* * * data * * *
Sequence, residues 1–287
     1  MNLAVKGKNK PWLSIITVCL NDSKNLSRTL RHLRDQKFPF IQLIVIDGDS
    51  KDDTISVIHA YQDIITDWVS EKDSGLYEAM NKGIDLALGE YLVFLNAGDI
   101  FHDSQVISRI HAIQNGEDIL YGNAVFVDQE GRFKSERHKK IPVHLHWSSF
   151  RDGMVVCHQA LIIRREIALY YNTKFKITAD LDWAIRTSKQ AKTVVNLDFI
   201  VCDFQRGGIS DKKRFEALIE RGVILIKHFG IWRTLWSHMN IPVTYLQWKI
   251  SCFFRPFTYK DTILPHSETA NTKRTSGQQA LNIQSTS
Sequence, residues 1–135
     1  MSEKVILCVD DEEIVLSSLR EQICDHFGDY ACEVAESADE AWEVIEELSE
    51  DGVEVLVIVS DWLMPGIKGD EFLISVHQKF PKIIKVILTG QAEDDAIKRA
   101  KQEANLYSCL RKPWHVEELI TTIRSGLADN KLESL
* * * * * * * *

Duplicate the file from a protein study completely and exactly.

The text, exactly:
Sequence, residues 1–287
     1  MNLAVKGKNK PWLSIITVCL NDSKNLSRTL RHLRDQKFPF IQLIVIDGDS
    51  KDDTISVIHA YQDIITDWVS EKDSGLYEAM NKGIDLALGE YLVFLNAGDI
   101  FHDSQVISRI HAIQNGEDIL YGNAVFVDQE GRFKSERHKK IPVHLHWSSF
   151  RDGMVVCHQA LIIRREIALY YNTKFKITAD LDWAIRTSKQ AKTVVNLDFI
   201  VCDFQRGGIS DKKRFEALIE RGVILIKHFG IWRTLWSHMN IPVTYLQWKI
   251  SCFFRPFTYK DTILPHSETA NTKRTSGQQA LNIQSTS
Sequence, residues 1–135
     1  MSEKVILCVD DEEIVLSSLR EQICDHFGDY ACEVAESADE AWEVIEELSE
    51  DGVEVLVIVS DWLMPGIKGD EFLISVHQKF PKIIKVILTG QAEDDAIKRA
   101  KQEANLYSCL RKPWHVEELI TTIRSGLADN KLESL